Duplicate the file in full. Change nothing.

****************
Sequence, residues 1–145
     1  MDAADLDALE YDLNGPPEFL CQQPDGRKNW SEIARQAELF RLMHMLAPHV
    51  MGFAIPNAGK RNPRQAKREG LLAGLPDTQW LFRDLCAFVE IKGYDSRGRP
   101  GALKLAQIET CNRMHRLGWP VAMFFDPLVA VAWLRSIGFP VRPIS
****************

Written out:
Sequence, residues 1–145
     1  MDAADLDALE YDLNGPPEFL CQQPDGRKNW SEIARQAELF RLMHMLAPHV
    51  MGFAIPNAGK RNPRQAKREG LLAGLPDTQW LFRDLCAFVE IKGYDSRGRP
   101  GALKLAQIET CNRMHRLGWP VAMFFDPLVA VAWLRSIGFP VRPIS